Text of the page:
The surgical approach has been controversial since the beginning of surgical treatment for spinal tuberculosis [19, 22, 23], and the main issue is whether anterior surgery or posterior surgery should be used. Compared to anterior surgery, posterior surgery is easy to expose the lesions, which seems to be more advantageous. However, tuberculosis is usually in the anterior and middle column of the vertebral bodies, thus thorough debridement cannot be achieved by posterior surgery. “Thorough debridement” is of paramount importance in the treatment of spinal tuberculosis, thus direct anterior exposure and debridement are more suitable.
Due to the clinical specificity of spinal tuberculosis in T4-6 segments, the surgical treatment has become a challenge for spine surgeons. The treatment in T4-6 segments is different from spinal tuberculosis in the upper thoracic spines (T1-T3) as well as the mid-and lower thoracic spines (T7-T12). Tuberculosis in the T1-T3 segments can be debrided using lower anterior cervical approach that is familiar to surgeons, which can be combined with posterior surgery or be used alone for fusion and reconstruction . Tuberculosis in the T7-T12 segments can be well exposed and debrided by conventional anterior transthoracic approach [25–27]. However, for T4-6, the anatomical position is deep, the surrounding tissues are complex, and there are many bony occlusions, such as sternal manubrium, clavicle, ribs and scapula. Moreover, the vertebral body is adjacent to the large blood vessel, aorta, thoracic duct and nerve tissues. Therefore, it is difficult to expose the lesions using anterior approach, and the surgical risk is high. Meanwhile, patients with tuberculosis are usually combined with destruction of bone structures, leading to kyphotic deformity, furthering increasing the difficulty of anterior surgery.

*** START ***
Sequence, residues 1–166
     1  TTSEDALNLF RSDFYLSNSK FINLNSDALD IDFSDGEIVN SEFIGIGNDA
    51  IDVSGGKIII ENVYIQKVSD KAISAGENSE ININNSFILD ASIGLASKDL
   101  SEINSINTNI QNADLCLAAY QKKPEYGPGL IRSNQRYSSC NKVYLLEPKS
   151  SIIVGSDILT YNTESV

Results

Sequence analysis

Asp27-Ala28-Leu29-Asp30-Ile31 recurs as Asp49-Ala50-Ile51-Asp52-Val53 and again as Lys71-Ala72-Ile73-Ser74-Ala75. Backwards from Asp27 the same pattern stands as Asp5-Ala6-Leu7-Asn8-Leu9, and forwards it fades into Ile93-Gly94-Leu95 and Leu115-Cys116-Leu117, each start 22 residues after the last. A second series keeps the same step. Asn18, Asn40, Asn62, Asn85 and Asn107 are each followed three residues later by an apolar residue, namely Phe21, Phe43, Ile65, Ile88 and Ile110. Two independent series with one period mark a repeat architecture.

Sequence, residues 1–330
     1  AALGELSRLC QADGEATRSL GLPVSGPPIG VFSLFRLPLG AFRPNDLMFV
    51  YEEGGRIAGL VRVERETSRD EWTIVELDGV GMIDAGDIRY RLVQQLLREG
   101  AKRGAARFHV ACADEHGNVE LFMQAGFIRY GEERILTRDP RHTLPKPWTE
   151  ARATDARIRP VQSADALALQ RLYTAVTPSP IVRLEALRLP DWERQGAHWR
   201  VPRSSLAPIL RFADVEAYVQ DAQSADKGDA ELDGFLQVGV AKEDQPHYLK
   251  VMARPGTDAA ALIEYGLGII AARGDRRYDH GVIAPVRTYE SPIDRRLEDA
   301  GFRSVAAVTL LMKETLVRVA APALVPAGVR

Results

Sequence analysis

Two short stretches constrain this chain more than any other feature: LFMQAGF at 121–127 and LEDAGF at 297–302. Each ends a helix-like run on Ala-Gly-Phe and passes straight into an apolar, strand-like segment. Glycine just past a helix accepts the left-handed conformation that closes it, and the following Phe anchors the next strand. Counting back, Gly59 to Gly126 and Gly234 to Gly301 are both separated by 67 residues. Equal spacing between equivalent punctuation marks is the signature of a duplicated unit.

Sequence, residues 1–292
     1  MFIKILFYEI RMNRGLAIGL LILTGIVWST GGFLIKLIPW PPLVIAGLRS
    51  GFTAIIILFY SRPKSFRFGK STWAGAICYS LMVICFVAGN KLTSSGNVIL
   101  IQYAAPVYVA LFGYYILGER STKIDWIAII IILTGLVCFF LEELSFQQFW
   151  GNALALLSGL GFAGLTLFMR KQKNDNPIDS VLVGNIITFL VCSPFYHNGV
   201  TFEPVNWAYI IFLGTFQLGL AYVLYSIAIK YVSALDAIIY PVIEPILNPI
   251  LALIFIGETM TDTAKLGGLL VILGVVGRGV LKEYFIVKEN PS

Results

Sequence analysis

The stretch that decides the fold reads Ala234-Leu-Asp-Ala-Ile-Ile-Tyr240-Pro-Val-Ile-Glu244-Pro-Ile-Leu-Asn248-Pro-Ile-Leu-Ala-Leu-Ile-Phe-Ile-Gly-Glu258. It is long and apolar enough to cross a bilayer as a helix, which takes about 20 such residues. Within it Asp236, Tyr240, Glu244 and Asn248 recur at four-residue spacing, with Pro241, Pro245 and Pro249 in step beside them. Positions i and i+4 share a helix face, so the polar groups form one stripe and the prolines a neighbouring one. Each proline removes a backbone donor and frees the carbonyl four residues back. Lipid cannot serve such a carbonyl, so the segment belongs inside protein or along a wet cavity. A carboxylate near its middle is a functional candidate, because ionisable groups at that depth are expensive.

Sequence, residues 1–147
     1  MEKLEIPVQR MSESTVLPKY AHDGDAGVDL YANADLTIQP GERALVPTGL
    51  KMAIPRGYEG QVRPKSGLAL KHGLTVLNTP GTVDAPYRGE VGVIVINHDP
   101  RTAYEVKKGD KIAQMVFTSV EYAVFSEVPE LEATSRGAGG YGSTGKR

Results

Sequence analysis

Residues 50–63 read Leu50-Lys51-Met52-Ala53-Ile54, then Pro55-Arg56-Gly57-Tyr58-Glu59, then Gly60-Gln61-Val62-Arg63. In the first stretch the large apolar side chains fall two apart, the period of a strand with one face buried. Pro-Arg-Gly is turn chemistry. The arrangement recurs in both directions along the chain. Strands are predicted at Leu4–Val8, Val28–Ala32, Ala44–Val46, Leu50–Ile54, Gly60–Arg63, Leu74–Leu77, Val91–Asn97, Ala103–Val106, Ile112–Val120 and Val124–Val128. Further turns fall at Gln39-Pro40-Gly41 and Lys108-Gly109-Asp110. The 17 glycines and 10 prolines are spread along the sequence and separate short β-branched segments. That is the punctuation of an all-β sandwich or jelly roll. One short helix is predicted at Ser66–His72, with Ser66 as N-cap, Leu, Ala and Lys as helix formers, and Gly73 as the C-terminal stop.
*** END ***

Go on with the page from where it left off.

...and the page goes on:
For T4-6 segments, the current anterior surgical approaches can be applied include subscapular transthoracic approach, mediastinal approach with sternotomy, clavicular approach, transsternoclavicular approach, and approach by resection of the manubrio-clavicular complex, etc. [10, 14, 24, 28, 29]. Although these surgical approaches can directly expose the lesions, and “thoroughly” debride the lesions as much as possible, they have the disadvantages of complex operations, unfamiliar to the spine surgeons, high surgical risk, and more complications including shoulder dysfunction, as well as injuries of vital organs such as recurrent laryngeal nerves, phrenic nerves, aorta and thoracic ducts, etc. In the meanwhile, trauma of anterior surgery is large, damage to the pulmonary appendices is great, and it is prone to pulmonary infection, atelectasis, pneumothorax and pleural effusion after surgery . Thus, surgeons are extremely prudent to choose anterior approach for T4-6 segments due to the numerous shortcomings.